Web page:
Cardinal Agostino Casaroli, 83, the former Vatican second-in-command who quietly helped the church survive in the Soviet bloc during the Cold War, died Tuesday of heart problems.
The Italian cardinal served as secretary of state of the Vatican from 1979 until 1990, the most important post under the pope. He was considered an architect of the Vatican's policy of working to gain some freedoms for the Roman Catholic Church in communist nations where it had faced open persecution. Pope Paul VI, who took over in 1963, worked closely with Cardinal Casaroli to implement the Vatican's policy toward Eastern Europe.
Cardinal Casaroli was credited for the tough language on human rights and religious liberty in the 1975 Helsinki accords. He kept the Vatican running smoothly after the pope was wounded by a Turkish gunman in 1981.
Steve Sanders, 45, a baritone who spent a decade with the Oak Ridge Boys after replacing one of country music's most colorful personalities, died yesterday of a gunshot wound to the head at his home in Cape Coral, Fla., said Jeanne Schick of the Lee County medical examiner's office.
"We believe it was a suicide," said Angelo Bitsis, a spokesman for Cape Coral police.
The former child star sang baritone from 1987 to 1996 with the Oak Ridge Boys, the former gospel quartet that crossed over to country stardom in the late 1970s and peaked with the 1981 hit "Elvira."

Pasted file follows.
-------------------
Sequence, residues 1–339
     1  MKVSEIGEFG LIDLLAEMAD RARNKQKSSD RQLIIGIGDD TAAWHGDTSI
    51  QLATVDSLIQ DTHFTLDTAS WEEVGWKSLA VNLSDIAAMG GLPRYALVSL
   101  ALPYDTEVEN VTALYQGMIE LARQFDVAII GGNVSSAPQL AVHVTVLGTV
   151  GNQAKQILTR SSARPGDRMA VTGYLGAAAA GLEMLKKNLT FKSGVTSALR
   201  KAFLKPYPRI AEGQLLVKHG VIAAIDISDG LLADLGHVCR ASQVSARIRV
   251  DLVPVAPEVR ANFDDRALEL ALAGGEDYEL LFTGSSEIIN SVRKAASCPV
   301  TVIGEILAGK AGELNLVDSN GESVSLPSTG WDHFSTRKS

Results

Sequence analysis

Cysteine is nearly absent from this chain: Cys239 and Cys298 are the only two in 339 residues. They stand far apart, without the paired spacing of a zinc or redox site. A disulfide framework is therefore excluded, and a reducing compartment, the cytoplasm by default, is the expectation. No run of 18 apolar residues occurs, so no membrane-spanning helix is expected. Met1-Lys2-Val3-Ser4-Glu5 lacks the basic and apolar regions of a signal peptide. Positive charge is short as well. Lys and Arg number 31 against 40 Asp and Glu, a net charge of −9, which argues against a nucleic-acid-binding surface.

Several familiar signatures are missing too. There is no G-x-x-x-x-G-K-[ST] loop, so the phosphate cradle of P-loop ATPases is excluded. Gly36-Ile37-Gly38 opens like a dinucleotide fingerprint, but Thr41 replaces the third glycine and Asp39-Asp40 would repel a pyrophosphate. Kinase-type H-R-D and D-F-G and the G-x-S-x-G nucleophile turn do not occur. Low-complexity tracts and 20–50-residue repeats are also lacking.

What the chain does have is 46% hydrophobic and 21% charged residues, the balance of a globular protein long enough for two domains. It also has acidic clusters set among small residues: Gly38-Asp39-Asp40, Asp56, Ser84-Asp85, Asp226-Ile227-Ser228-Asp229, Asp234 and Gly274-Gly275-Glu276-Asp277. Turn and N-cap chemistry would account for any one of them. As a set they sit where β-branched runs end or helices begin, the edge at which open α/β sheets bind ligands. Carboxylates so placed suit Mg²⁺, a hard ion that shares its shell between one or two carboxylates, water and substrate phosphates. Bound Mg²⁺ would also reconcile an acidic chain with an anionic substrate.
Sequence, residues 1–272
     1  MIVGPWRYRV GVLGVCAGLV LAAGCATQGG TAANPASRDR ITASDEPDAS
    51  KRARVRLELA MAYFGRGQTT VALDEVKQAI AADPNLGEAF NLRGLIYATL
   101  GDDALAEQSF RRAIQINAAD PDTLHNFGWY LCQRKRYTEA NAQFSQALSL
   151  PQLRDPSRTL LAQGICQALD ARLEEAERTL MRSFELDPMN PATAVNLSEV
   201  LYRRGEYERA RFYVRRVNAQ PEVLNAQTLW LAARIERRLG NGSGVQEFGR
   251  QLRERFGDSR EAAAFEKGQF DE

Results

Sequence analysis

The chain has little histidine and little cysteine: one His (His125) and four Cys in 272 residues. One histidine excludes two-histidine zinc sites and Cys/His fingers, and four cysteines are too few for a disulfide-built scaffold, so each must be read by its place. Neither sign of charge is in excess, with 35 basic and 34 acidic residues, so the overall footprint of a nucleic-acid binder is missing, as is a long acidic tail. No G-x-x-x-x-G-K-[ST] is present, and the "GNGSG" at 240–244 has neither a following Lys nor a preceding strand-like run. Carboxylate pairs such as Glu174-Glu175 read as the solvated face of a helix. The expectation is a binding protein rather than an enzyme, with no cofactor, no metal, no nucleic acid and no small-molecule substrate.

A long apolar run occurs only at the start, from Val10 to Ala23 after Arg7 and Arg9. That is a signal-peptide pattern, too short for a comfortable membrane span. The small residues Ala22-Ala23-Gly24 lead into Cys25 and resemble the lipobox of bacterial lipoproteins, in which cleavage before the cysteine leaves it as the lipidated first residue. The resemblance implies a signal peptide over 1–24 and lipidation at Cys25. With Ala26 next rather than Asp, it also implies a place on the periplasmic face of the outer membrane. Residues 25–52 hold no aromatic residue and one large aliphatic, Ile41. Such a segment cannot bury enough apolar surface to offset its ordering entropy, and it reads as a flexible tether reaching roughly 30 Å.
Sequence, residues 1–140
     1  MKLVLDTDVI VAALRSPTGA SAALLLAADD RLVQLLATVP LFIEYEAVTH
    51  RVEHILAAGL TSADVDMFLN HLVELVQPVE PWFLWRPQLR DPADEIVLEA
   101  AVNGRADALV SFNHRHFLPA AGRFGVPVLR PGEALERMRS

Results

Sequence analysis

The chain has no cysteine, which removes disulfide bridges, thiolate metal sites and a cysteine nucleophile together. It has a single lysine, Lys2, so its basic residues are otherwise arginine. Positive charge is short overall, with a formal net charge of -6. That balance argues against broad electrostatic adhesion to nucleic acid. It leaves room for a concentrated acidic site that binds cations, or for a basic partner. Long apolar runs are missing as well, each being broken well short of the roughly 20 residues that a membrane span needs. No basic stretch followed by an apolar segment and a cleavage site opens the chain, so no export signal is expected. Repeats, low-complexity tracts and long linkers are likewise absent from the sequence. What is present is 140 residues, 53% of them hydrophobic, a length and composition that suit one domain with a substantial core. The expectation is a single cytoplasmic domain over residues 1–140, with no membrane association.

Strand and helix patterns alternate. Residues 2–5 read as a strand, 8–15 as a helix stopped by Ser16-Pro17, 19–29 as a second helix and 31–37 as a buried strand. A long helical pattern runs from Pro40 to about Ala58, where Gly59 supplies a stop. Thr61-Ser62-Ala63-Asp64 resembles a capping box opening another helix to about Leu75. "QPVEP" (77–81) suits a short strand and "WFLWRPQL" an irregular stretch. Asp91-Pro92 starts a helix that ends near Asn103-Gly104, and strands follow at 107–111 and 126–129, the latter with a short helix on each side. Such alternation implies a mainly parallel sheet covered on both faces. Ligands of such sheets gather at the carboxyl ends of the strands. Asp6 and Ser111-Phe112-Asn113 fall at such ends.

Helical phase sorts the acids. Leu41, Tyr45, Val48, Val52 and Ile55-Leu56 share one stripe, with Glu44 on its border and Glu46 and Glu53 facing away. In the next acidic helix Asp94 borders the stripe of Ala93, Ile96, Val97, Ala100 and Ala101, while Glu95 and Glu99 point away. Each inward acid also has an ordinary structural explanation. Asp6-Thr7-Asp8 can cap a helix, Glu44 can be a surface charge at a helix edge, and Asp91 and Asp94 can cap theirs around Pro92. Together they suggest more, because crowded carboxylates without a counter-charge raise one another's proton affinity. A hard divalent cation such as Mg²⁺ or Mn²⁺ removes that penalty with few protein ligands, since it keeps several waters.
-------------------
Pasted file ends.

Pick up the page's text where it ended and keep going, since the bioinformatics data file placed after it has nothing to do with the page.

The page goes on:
After five years as rhythm guitarist, Mr. Sanders had replaced William Lee Golden, famous for his long gray hair and beard and "Mountain Man" attire. The other members are Joe Bonsall, Duane Allen and Richard Sterban.
After Mr. Sanders left, citing personal problems that included court battles with his first wife, Mr. Golden rejoined the group.
Mr. Sanders had started his career as a child gospel singer billed as Little Stevie Sanders. He also appeared as a child on Broadway in "The Yearling" and in the 1967 film "Hurry Sundown" with Faye Dunaway and Jane Fonda.
Harold E. Segal, 77, a Marine fighter pilot credited with shooting down a dozen Japanese planes in World War II, died June 3 of lung disease in Scottsdale, Ariz.
Fellow pilots nicknamed him "Murderous Mannie" -- his father's name was Mannie -- for shooting down three Japanese Zeros on July 11, 1943. Mr. Segal was shot down at the end of the fight and spent almost 24 hours in the Pacific Ocean off New Georgia Island before he was rescued.
Mr. Segal, awarded the Distinguished Flying Cross, worked in real estate in Los Angeles after the war. He retired in 1995.
Josephine Hutchinson, 94, a film actress popular in the 1930s and 1940s, died June 4 in New York. The Seattle native got her acting start in stock work in New York and Washington.
She appeared in "The Story of Louis Pasteur," "Somewhere in the Night," "Love Is Better Than Ever," "North by Northwest" and "Baby, the Rain Must Fall."
Pub Date: 6/11/98